Friday, September 11, 2009

Now That's Dedication

A pal of mine who sits on a nearby bench surprised us in the pub the other week by ordering, in addition to his usual pint, a glass of Guinness with a shot of pastis in it. He asked for our opinion of the odd cocktail, and we all agreed that it tasted horrible.
It turned out that he had recently heard a drink-drive case in which the driver ran the laced drinks argument, and produced someone who claimed to have put several large Pernods in his pal's Guinness (risky - he might be charged himself). The driver said that he hadn't noticed the funny taste, but the bench didn't believe him. Having tasted the doctored drink, we agreed that it would be impossible to miss the adulteration.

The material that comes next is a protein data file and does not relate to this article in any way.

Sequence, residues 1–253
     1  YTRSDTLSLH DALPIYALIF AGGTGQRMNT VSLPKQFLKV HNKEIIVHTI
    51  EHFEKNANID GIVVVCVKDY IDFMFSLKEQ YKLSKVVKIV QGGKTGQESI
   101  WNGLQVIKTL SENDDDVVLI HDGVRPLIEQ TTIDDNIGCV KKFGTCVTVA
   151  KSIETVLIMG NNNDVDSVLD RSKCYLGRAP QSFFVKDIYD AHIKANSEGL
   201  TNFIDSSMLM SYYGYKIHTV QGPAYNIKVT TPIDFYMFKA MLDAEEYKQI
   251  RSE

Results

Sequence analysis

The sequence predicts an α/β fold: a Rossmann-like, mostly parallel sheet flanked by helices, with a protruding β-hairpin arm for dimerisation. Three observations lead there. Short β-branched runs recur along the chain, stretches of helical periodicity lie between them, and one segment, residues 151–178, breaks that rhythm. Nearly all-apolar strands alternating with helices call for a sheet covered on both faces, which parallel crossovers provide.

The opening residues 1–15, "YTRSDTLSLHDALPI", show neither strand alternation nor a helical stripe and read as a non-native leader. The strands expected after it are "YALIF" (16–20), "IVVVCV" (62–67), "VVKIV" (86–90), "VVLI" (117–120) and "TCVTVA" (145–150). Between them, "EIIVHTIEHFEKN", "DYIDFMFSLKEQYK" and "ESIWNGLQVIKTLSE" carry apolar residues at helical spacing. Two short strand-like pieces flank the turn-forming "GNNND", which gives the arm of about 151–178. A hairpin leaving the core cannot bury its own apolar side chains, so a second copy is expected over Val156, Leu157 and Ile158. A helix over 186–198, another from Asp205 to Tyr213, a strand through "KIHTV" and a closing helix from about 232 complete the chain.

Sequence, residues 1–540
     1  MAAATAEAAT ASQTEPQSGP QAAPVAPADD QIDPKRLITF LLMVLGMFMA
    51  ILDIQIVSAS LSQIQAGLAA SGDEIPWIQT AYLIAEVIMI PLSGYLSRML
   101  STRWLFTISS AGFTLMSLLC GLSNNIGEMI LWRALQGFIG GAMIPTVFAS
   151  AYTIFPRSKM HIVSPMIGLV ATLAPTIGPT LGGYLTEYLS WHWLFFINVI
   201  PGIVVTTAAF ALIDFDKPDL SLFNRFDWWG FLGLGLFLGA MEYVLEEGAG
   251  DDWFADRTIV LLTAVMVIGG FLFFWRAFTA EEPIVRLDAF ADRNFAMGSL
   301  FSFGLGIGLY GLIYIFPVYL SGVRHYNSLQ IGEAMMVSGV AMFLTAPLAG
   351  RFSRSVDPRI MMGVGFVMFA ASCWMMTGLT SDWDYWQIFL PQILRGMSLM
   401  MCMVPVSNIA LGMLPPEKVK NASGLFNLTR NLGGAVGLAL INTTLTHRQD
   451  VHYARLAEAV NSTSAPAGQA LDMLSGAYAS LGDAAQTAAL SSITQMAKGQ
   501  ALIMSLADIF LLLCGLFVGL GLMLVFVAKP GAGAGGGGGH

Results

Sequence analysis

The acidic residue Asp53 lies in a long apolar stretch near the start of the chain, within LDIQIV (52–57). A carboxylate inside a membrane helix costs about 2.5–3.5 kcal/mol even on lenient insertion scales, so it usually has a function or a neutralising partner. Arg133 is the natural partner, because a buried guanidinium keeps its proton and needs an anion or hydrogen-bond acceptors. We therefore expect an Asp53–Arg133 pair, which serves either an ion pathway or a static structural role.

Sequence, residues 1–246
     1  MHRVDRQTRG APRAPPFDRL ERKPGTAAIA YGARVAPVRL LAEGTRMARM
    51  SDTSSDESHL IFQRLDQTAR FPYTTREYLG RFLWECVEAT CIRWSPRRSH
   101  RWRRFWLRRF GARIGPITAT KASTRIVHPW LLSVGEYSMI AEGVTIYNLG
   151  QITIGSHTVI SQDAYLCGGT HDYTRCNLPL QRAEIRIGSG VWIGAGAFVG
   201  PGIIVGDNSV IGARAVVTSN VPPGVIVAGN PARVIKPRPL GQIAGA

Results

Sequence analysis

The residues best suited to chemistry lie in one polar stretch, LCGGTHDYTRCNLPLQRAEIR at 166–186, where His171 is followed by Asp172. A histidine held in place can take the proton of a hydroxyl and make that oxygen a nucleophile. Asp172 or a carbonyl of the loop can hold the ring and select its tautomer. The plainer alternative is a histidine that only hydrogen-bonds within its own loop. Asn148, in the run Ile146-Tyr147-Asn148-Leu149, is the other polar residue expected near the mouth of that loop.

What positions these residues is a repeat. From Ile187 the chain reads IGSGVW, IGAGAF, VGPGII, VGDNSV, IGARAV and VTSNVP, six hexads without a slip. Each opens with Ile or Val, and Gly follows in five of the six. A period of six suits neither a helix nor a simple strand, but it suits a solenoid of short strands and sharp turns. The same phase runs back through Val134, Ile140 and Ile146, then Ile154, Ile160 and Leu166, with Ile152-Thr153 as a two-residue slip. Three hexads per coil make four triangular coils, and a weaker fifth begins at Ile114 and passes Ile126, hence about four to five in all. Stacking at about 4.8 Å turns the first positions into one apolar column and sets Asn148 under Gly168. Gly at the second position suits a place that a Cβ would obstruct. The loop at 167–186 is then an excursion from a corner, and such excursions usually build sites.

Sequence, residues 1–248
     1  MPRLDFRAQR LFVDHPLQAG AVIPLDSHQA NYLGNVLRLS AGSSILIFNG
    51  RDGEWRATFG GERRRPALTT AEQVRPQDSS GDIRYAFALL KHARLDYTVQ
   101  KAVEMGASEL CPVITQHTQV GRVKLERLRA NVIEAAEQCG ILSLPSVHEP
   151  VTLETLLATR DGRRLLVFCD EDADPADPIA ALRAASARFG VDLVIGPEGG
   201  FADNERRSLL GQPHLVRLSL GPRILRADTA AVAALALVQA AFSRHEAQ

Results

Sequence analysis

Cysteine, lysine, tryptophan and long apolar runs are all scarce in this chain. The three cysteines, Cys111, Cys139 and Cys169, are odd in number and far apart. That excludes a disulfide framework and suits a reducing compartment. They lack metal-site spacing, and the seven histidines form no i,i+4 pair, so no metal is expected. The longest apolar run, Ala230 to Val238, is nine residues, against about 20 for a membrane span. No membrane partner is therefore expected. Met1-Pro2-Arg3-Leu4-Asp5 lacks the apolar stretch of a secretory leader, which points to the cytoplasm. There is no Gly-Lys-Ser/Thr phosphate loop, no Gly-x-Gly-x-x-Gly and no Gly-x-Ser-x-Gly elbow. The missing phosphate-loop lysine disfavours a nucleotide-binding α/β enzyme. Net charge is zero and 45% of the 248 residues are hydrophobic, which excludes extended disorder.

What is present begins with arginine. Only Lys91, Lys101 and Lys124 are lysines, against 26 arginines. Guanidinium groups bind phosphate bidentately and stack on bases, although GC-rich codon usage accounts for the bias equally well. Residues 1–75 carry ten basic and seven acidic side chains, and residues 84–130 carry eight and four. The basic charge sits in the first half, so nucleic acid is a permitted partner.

For the record, I have pinched this from JWP Solicitors' website:-
The defendant must show that his drinks were laced, that he did not suspect his drinks had been laced and that had the lacing not taken place then he would not have been over the limit. In our experience a laced drinks argument is rarely successful without the lacer attending court to give evidence to confirm that the drinks were laced and it is usual for an expert biochemist to provide a report on behalf of the defence to confirm the mathematics of the defendant's argument.

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